3. 3. Is SEPA a Boon or Bane to Banks? Page 3 of 7 Transition to SEPA remains the foremost concern today with the latest SEPA newsletter estimating the share of SEPA-compliant Credit Transfers (SCTs) and SEPA-compliant Direct Debits (SDDs) as a percentage of the total volume of credit transfers and direct debits generated by bank customers at 38.2% and 2.3% respectively. This consistently low uptake record resulted in the European Parliament and EU Council imposing mandatory uptake deadlines for SCTs & SDDs last year. A deadline of 1st February 2014 has been set for Euro area countries while the deadline for member states with other currencies has been set to 31st October 2016. SEPA compliance is a mandate for a bank that wishes to offer euro payment services to customers in a SEPA country with all its payment products and back-office payment processes meeting the new SEPA requirements set out by the SEPA Rulebooks. The following requirements have been defined by the European legislation and SEPA Rulebooks:  Become SEPA Scheme Participant by signing the respective Scheme Adherence Agreement  Become operationally ready to process SEPA compliant payments  Connect to a SEPA-compliant PE-ACH so that the bank is reachable to any other bank in the SEPA region, and similarly, is able to reach out to any other bank in the SEPA region In order to become operationally ready, a Bank needs the following solutions:  Software for processing SEPA Credit Transfer and SEPA Direct Debit payments  Software for converting and validating IBAN and BIC formats  Software for connecting and integrating various stakeholders in the payments value chain In addition to the above, in order to exploit the various benefits that SEPA offers, banks might also opt for the implementation of a payment services hub that would enable them to process all payments from a central location. An AT Kearney study suggests that many banks had initially underestimated the challenge of renewing payment applications with the necessary industrial strength to last. Further, according to the research, most banks today are seeking to strengthen their applications by using converters or are unveiling completely new applications. Also, some banks are taking SEPA as an opportunity to reconsider their payment and collection strategies. In our opinion, in order to fully explore benefits that SEPA can offer, banks should seek external support; a partner capable of studying their requirements, determining their state of readiness, evaluating various strategic options and identifying the right strategy for SEPA compliance. SEPA migration varies from country to country and as per the SEPA migration report published by ECB in March 2013, Payment Service Providers (PSPs) are yet to complete preparations for SCTS and SDDs. Limited progress has been noticed for both, SCTs and SDDs, in making customer servicing channels SEPA-compliant. In fact, progress of preparation for SDDs is even lower than that of SCTs. This is a major area of concern since all payment orders that are not submitted to the respective PSP in the formats stipulated by the SEPA Migration End-date Regulation will be rejected by the PSP. After the migration end date, banks will no longer transfer non-compliant payments to clearing houses and failure to use the SEPA-compliant format will result in unnecessary delays and costs for the bank’s customers.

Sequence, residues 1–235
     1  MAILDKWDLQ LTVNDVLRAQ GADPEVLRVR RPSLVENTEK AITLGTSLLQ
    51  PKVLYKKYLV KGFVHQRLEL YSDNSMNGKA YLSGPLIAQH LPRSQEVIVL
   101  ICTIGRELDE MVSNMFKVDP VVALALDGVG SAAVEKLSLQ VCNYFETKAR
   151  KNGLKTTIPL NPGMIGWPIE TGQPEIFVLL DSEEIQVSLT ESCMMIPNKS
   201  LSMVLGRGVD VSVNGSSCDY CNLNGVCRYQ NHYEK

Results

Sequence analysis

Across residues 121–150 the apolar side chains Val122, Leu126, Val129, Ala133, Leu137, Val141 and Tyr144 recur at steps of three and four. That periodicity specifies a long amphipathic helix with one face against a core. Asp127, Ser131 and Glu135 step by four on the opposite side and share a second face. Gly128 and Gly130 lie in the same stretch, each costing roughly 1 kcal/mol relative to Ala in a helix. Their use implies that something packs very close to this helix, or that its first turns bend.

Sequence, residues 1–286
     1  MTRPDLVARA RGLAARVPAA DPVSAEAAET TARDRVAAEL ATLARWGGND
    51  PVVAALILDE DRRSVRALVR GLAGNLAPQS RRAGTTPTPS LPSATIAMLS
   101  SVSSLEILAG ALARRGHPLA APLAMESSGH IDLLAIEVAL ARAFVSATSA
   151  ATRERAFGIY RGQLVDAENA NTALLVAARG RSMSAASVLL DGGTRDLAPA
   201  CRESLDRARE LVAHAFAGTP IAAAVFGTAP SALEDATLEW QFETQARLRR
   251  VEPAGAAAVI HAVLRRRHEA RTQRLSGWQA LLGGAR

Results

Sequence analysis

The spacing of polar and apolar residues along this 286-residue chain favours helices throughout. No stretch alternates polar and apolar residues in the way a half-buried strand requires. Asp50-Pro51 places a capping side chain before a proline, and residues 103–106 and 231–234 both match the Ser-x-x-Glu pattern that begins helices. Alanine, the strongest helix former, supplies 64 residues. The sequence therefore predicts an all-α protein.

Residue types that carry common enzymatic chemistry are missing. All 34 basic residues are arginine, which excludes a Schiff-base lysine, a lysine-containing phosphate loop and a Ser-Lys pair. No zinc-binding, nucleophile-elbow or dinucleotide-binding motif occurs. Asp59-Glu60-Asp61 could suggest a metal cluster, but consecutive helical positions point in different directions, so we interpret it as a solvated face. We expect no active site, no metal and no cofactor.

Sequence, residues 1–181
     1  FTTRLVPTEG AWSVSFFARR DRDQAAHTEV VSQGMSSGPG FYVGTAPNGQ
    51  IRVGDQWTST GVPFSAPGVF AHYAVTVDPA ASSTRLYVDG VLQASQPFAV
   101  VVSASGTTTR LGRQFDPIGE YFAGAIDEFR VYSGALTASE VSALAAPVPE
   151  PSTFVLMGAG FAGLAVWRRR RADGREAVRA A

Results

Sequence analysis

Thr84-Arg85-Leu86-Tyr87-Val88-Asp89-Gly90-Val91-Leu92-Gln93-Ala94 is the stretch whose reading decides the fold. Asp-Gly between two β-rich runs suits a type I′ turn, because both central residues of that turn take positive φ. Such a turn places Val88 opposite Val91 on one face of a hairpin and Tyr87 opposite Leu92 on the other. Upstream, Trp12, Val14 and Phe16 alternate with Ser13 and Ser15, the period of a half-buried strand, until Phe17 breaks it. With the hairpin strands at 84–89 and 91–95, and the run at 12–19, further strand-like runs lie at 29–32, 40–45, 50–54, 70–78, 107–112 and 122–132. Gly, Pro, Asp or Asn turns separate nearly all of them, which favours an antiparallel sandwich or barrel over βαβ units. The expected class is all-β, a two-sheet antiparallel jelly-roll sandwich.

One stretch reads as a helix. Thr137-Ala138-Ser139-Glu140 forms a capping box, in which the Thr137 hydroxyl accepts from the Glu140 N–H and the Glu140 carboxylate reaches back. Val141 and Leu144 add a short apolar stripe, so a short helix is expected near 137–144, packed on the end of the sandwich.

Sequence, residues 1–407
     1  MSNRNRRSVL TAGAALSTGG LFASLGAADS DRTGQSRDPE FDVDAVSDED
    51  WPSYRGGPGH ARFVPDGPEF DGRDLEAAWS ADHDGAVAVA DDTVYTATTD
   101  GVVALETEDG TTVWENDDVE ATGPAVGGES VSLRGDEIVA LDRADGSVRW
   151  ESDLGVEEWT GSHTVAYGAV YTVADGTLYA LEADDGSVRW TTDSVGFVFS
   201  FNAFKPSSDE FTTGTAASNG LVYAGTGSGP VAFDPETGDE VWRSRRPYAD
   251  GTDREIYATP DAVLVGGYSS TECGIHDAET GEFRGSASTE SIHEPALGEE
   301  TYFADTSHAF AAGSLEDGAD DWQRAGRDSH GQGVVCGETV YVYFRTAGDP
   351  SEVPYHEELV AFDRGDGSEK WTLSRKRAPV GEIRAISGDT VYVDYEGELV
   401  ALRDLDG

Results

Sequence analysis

4. 4. Is SEPA a Boon or Bane to Banks? Page 4 of 7 Key Challenges Banks implementing SEPA are being confronted with a number of issues today. Major concerns include:  The need to replace revenue lost from lower cross-border transaction charges  Meeting the cost of compliance  Dealing with new competitors In order to address these challenges, banks will have to collaboratively work with their customers and develop innovative products and services that cater to all customer requirements. While banks reconnect with their customers, understand their requirements and address them, they will also have to ensure the new products and services create sustainable competitive advantage and a viable source of income for themselves. Learning the art of effectively cross-selling products to different customer groups will also be very essential. In other words, SEPA is forcing banks to become more innovative and efficient in managing their payments businesses. SEPA offers a plethora of opportunities that enable banks to grab significant corporate market share. Banks can take maximum advantage of the situation to expand their business and cater to customers across Europe while simultaneously reducing costs by using a single set of SEPA instruments and simplified payment processes. Additionally, by offering various value-added services like e-invoicing and e-reconciliation, in conjunction with the SEPA instruments, banks can significantly improve the value proposition of their offerings.